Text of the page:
Metro

Baker proposes $5m pilot program to coordinate police response to fentanyl

Even small amounts of fentanyl can be deadly.
Jacquelyn Martin/Associated Press
Even small amounts of fentanyl can be deadly.

Governor Charlie Baker is asking the Legislature for $5 million to establish a regional approach to fighting fentanyl trafficking.

Baker filed a bill Monday that would pay for additional surveillance work and overtime costs to enable participating police departments to coordinate regionally.

Illicit synthetic fentanyl — not the medication that doctors prescribe — has become a leading driver of opioid-related overdose deaths in Massachusetts. The drug was found in nearly 90 percent of those who fatally overdosed.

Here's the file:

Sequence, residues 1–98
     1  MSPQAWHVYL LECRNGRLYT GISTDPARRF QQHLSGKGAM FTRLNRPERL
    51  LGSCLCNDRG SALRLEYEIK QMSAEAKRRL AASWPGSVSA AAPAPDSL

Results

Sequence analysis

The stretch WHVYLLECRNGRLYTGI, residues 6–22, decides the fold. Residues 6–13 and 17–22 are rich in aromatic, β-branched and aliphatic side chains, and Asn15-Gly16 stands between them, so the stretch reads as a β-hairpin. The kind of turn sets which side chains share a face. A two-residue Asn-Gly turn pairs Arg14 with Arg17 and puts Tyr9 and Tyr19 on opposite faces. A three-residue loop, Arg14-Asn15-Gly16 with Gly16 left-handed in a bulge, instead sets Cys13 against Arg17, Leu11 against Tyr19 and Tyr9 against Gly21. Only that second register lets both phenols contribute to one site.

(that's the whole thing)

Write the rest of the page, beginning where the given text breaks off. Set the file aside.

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When police make drug arrests in one area, suspects who escape tend to move their operations to another location. Developed along with many Massachusetts police departments, Baker’s proposed pilot program aims to make it easier for police departments to work together in arresting drug dealers.

“Every city and town has illicit drug activity and often limited financial resources to address it adequately,” Dudley Police Chief Steven Wojnar, president of the Massachusetts Chiefs of Police Association, said in a statement. “The constant movement of dealers from place to place adds to the challenge of apprehending those responsible for distributing these deadly substances on our streets. . . . This program encourages the sharing of data and resources amongst agencies.”

Felice J. Freyer can be reached at felice.freyer@globe.com. Follow her on Twitter @felicejfreyer